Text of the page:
(Bloomberg) -- Senate Finance Committee Chairman Ron Wyden is investigating embattled drugmaker and formula producer Abbott Laboratories’ low tax rates and alleging the company’s investments in stock buybacks may have driven the nationwide baby formula shortage.

Wyden, in a letter to Abbott Chief Executive Officer Robert Ford, highlighted the company’s tax rate -- which has averaged 12% over the past three years -- and $8 billion in stock buybacks in recent years.

“I have long been concerned that windfalls from sweeping tax cuts for mega-corporations enacted by the 2017 Republican tax law would be used for padding the pockets of corporate executives and wealthy shareholders,” Wyden said in the letter, which was obtained by Bloomberg News. “It appears my concerns have been validated in this case, as Abbott chose spending billions on buying back its own stock instead of investing in critical upgrades to a plant essential to feeding our nation’s infants.” 

An Abbott spokesperson did not immediately respond to a request to comment.

Abbott’s plant was shut in February after four children who had been fed formula made there were sickened by cronobacter bacteria, and two died. No further cases of children being sickened by formula have since been reported, according to the Centers for Disease Control and Prevention, which closed its investigation of the outbreak last week.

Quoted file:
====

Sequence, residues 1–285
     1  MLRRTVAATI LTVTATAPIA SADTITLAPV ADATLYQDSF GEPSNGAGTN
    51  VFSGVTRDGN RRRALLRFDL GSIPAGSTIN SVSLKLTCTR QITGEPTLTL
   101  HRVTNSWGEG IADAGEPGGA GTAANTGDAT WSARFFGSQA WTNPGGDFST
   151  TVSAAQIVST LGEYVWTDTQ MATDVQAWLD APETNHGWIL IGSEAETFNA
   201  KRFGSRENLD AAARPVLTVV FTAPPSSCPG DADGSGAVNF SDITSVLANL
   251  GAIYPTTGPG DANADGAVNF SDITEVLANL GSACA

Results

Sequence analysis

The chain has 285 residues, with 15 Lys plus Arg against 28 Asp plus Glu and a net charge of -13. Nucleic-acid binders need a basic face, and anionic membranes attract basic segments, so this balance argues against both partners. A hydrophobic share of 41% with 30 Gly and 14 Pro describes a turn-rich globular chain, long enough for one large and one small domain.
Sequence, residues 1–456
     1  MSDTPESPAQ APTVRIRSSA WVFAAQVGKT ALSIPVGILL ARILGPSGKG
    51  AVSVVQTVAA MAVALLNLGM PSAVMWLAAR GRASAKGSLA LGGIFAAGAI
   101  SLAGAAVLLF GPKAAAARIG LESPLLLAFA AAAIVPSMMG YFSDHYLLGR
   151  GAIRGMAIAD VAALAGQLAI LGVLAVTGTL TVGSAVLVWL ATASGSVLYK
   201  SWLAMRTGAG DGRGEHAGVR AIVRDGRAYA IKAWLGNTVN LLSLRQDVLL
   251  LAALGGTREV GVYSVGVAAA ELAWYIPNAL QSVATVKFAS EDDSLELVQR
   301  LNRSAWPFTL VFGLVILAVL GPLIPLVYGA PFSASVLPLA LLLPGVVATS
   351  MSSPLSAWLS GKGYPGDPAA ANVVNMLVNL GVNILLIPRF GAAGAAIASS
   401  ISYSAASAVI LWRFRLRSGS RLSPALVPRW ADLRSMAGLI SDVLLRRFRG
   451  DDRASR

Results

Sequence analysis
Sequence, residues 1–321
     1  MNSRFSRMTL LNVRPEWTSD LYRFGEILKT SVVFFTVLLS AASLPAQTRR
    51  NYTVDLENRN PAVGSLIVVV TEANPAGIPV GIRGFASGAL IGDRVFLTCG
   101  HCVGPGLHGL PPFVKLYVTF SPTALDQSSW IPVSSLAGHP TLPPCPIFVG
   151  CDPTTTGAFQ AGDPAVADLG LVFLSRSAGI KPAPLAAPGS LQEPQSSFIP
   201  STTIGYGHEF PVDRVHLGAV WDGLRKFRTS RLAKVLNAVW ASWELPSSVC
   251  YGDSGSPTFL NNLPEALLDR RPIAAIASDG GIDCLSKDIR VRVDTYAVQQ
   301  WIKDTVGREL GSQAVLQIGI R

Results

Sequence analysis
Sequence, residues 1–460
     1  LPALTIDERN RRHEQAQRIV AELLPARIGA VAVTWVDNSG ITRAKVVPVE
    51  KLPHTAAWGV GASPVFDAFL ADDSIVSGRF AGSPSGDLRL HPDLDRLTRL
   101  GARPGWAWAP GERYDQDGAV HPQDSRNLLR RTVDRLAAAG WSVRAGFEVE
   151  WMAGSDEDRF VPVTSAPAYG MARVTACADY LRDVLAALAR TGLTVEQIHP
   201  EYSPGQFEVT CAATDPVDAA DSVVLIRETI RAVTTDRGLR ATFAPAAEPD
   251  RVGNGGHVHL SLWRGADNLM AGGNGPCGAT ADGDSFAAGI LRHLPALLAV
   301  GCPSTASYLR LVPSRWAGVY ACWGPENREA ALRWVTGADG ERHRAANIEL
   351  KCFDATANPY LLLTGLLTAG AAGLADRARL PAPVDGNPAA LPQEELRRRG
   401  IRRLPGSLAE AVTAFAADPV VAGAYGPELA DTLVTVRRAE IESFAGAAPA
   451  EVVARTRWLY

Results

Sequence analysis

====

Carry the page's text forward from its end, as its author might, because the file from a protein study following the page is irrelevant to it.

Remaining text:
Abbott said its products are not to blame for the illnesses and deaths. Top FDA officials said on a call with reporters Monday evening it was too early to tell.

The shutdown exacerbated the existing shortage of baby formula, and the crisis has intensified with stores seeing inventories exhausted by panic buying. 

Wyden’s announcement comes on one day after the House Energy and Commerce Committee announced a May 25 hearing with Abbott Senior Vice President Christopher Calamari. Also testifying next week are FDA Commissioner Robert Califf, as well as Nestle SA’ Gerber vice president Scott Fitz and Reckitt Benckiser Group Plc senior vice president Robert Cleveland. Califf also is scheduled to testify at an Appropriations Committee hearing on Thursday.

Wyden’s investigation, which asks Abbott to provide details about their tax strategy and what investments have been made into the Michigan plant, is the latest step in a broader inquiry into how large pharma companies use the tax code to slash their tax rates. In January, Wyden asked Bristol-Myers Squibb Co. for details about an offshore tax arrangement that allowed them to get a refund from the IRS.

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